How big is the risk of developing a blood clot?

The risk depends on your natural risk of VTE and the type of combined hormonal contraceptive you are taking.

The total risk of a blood clot in the leg or lungs with Levesia is small.

  • Of 10,000 women who do not use a combined hormonal contraceptive and who are not pregnant, about 2 develop a blood clot in one year.
  • Of 10,000 women who use a combined hormonal contraceptive that contains levonorgestrel, noretisterone, or norgestimate, about 5‑7 develop a blood clot in one year.
  • The risk of developing a blood clot will vary depending on your personal medical history (see “Factors that may increase the risk of a blood clot in a vein” below)

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Risk of developing a blood clot during a year
Women who do not use combined pills and who are not pregnant About 2 out of 10,000 women
Women taking a combined hormonal contraceptive containing levonorgestrel, norethisterone, or norgestimate About 5-7 out of 10,000 women
Women using Levesia About 5-7 out of 10,000 women

Factors that may increase the risk of a blood clot in a vein

The risk of a blood clot with Levesia is small but some conditions increase the risk. The risk is higher:

  • if you are overweight (body mass index or BMI over 30 kg / m2)
  • if someone in your family has had a blood clot in their bones, lungs or other organ at a young age (eg for about 50 years). In this case, you may have a hereditary blood clotting disease
  • if you need to undergo surgery, or stay in bed for an extended period of time due to injury or illness, or if your leg is plastered. The use of Levesia may need to be stopped for several weeks before surgery or while you are less mobile. If you have to stop taking Levesia, ask your doctor when you can start taking it again
  • with increasing age (especially if you are over about 35 years old)
  • if you gave birth a few weeks ago

The more conditions you have, the greater the risk of developing a blood clot.

Air travel (over 4 hours) can temporarily increase the risk of a blood clot, especially if you have any of the other factors listed here.

You must tell your doctor if any of these conditions apply to you, even if you are unsure. Your doctor may decide that you need to stop taking Levesia.

If any of the above conditions change when you use Levesia, e.g. a close relative suffers from a blood clot with an unknown cause, or you gain a lot of weight, talk to your doctor.

BLOOD CLOTS IN AN ART

What can happen if a blood clot forms in an artery?

In the same way as a blood clot in a vein, a clot in an artery can lead to serious problems. It can e.g. cause a heart attack or stroke.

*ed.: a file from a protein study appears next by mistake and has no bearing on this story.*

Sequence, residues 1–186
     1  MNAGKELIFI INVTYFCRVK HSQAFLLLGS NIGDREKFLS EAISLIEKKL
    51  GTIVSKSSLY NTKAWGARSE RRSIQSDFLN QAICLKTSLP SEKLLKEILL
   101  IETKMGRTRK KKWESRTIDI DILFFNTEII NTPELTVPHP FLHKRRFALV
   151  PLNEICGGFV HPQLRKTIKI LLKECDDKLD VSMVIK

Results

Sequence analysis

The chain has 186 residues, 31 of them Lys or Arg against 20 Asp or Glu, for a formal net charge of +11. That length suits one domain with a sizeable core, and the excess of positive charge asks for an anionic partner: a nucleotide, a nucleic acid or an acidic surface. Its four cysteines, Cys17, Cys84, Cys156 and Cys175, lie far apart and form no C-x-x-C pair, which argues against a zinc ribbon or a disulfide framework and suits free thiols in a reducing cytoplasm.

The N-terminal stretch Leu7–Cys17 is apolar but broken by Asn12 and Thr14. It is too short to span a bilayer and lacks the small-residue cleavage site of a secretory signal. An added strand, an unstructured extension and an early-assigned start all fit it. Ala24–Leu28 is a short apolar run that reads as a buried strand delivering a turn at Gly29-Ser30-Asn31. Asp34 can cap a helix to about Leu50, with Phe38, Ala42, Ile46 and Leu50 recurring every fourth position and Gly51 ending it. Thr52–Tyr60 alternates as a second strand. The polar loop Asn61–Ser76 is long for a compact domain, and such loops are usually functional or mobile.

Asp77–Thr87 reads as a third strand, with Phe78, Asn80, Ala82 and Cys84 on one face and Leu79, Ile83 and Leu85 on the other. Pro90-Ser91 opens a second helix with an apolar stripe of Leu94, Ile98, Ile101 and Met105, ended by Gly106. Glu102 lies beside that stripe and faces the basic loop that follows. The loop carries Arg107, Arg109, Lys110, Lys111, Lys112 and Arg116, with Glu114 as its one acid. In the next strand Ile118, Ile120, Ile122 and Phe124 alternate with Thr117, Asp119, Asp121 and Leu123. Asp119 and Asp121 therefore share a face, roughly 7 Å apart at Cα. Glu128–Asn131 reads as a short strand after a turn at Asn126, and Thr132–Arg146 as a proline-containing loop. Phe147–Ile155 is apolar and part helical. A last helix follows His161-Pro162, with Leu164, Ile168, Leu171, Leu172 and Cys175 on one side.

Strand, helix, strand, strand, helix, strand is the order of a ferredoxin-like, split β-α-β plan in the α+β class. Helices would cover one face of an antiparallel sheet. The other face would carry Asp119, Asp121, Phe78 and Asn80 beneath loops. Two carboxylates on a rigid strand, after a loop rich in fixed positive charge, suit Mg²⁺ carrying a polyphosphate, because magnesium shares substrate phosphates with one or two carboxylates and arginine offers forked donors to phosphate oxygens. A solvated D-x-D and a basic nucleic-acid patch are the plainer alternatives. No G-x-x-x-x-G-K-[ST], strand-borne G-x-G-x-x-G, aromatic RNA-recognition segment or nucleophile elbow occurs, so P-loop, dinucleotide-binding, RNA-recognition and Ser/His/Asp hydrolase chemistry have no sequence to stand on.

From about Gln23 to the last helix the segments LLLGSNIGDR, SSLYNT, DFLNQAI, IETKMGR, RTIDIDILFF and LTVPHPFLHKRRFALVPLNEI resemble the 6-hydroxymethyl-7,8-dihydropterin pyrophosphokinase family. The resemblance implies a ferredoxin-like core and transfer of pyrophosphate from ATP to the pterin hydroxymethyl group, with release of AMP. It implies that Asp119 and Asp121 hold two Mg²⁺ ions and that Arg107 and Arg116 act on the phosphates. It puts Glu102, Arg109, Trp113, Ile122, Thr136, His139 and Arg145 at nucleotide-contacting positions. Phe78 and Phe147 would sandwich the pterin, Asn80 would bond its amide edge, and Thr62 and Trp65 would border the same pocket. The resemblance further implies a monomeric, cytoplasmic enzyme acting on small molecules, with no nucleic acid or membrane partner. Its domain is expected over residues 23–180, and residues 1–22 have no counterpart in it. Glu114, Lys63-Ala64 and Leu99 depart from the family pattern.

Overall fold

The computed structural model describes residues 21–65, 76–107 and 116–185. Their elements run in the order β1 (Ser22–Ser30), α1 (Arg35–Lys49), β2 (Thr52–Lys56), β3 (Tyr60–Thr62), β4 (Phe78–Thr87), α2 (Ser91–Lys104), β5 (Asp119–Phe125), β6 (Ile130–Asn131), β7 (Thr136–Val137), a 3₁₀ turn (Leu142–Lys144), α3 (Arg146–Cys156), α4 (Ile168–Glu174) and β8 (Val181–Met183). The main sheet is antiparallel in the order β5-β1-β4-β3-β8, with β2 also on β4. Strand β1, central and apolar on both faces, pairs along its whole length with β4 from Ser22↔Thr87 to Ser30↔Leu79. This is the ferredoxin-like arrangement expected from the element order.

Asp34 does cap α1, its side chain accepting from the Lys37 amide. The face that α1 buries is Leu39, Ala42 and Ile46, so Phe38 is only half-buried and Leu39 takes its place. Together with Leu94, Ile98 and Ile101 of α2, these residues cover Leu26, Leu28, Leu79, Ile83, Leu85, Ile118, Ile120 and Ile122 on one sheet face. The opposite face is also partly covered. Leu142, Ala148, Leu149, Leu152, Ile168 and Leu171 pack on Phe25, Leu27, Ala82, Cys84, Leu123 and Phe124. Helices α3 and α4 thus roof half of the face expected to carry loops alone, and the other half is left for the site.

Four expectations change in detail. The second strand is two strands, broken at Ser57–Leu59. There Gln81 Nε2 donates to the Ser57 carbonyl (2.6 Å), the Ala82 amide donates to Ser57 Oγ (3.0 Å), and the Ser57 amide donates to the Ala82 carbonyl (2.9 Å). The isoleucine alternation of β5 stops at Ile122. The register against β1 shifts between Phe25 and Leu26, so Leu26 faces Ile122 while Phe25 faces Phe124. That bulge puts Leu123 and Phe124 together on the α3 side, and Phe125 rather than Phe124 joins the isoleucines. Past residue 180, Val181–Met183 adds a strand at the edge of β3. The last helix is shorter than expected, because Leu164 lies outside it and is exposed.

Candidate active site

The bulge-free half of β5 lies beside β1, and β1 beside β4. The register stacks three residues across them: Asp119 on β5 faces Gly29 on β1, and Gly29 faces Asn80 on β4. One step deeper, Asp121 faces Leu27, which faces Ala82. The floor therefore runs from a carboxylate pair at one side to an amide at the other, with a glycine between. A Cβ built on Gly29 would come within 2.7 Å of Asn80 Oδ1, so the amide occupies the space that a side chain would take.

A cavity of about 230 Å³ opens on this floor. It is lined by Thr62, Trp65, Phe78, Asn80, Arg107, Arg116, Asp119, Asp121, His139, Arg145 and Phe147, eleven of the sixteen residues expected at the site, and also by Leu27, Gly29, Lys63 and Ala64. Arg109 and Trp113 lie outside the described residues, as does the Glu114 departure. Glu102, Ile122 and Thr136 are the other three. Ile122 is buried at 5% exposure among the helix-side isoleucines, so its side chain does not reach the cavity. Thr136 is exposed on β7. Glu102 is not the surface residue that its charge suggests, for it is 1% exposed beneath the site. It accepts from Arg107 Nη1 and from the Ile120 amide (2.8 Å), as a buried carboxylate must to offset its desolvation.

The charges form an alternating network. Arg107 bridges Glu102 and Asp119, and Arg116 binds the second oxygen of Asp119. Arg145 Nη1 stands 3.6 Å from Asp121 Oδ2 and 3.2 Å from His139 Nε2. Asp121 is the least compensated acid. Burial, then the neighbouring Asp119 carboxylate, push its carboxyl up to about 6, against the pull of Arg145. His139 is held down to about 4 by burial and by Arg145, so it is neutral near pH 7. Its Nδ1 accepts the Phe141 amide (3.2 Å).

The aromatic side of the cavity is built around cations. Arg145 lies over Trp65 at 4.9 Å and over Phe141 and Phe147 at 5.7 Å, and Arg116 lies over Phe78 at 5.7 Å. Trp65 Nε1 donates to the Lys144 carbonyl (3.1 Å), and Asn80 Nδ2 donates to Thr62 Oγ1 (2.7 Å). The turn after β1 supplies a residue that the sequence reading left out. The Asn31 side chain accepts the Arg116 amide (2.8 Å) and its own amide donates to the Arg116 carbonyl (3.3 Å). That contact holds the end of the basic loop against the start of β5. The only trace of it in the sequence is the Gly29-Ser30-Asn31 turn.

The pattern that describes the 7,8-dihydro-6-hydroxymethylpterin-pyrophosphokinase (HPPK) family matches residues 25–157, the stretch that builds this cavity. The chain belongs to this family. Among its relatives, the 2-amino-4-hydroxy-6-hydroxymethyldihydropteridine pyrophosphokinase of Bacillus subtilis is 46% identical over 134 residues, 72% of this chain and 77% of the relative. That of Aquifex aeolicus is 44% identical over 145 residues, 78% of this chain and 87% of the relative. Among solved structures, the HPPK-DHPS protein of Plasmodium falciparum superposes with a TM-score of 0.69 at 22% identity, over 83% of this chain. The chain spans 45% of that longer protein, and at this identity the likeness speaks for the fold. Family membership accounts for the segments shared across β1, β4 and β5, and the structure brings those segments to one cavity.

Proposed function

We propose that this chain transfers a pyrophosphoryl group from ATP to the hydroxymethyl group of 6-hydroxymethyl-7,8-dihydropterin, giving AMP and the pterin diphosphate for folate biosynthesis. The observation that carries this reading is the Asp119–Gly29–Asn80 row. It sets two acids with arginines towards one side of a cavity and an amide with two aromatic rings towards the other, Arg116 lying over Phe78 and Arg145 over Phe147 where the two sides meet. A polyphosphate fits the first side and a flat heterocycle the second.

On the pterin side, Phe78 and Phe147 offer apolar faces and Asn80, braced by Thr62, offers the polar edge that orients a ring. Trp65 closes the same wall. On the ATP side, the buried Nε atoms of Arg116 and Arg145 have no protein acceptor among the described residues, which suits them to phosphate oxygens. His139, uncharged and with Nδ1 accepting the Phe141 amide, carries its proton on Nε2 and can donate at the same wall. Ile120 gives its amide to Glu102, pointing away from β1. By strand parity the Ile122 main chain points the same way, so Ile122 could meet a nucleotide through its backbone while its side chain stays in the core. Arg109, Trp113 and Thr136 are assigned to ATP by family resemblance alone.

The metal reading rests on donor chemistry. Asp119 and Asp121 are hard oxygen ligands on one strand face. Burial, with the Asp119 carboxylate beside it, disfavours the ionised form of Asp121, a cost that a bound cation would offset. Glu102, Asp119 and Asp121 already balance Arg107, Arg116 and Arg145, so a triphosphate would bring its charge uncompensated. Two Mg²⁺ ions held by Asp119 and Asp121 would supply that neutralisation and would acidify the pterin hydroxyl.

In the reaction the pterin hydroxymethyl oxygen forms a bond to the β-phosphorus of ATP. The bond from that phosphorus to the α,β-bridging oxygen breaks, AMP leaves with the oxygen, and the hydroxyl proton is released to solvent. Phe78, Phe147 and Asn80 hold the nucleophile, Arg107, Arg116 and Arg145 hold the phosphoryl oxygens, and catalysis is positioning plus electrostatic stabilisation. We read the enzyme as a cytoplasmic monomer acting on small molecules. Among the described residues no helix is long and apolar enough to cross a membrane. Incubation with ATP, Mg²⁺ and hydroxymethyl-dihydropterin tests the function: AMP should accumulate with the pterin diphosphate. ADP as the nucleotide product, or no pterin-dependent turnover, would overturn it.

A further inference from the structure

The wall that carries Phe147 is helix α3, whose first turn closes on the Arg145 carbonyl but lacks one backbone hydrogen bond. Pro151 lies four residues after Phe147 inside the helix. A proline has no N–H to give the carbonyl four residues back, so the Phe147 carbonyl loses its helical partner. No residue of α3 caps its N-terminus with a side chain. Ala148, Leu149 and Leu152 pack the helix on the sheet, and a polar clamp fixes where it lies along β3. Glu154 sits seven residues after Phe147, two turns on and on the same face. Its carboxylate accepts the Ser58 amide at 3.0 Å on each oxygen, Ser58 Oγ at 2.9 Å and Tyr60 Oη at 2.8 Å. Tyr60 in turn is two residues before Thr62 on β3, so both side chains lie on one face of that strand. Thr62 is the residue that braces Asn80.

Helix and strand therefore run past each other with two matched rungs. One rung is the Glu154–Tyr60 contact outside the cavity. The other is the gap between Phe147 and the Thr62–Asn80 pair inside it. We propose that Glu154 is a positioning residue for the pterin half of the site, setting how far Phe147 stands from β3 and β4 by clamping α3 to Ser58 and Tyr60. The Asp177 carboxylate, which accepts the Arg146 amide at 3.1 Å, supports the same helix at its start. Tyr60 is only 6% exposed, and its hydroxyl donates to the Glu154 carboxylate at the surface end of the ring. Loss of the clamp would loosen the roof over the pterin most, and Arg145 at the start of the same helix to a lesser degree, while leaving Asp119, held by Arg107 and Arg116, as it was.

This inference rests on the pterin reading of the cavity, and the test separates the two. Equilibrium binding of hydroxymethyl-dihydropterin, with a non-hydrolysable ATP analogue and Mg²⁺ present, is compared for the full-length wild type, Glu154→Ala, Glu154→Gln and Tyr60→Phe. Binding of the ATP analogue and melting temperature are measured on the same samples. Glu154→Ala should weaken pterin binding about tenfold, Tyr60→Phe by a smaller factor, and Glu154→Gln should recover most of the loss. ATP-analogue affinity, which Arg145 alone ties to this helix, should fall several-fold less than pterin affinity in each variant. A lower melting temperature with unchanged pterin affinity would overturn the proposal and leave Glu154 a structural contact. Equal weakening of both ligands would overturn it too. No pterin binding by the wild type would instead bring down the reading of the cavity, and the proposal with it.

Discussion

Factors that may increase the risk of a blood clot in an artery

It is important to know that the risk of a heart attack or stroke due to the use of Levesia is very small but may increase:

  • with increasing age (after about 35 years of age)
  • if you smoke. When you use combined hormonal contraceptives Levesia, you should stop smoking. If you can not stop smoking and are over 35 years old, your doctor may advise you to use another type of contraceptive
  • if you are overweight
  • if you have high blood pressure
  • if a close relative has had a heart attack or stroke at a young age (younger than 50 years). In this case, you may also be at greater risk for a heart attack or stroke
  • if you or a close relative have high blood fats ( cholesterol or triglycerides )
  • if you get migraines , especially migraines with an aura
  • if you have heart problems (valve disease, a heart rhythm disorder called atrial fibrillation )
  • if you have diabetes .

If you have more than one of these conditions or if any of them are particularly serious, the risk of developing a blood clot can be even greater.

If any of the above conditions change when you use Levesia, e.g. If you start smoking, a close relative suffers from thrombosis of unknown cause, or you gain a lot of weight, talk to your doctor.

Lesia and cancer

Breast cancer is diagnosed slightly more often in women who use birth control pills, but it is not known if the increase is due to birth control pills. It may be that women who use birth control pills are examined more often and thus any cancer is detected earlier. The small increase in the number of breast cancer diagnoses gradually decreases after discontinuation of use. It is important to examine your breasts regularly and consult a doctor if you notice any lump in your breasts.

In rare cases, benign liver tumors and, even more uncommonly, malignant liver tumors have been reported in birth control pill users. Contact a doctor if you have severe pain in the abdominal region.

Cervical cancer has been reported in association with the long-term use of birth control pills. However, it is not clear to what extent this is due to sexual behavior or other factors, such as infection by the human papillomavirus (HPV).

Mental disorders

Some women who use hormonal contraceptives, including Levesia, have reported depression or depression. Depression can be severe and can sometimes lead to suicidal thoughts. If you experience mood swings and symptoms of depression, you should contact a doctor as soon as possible for advice.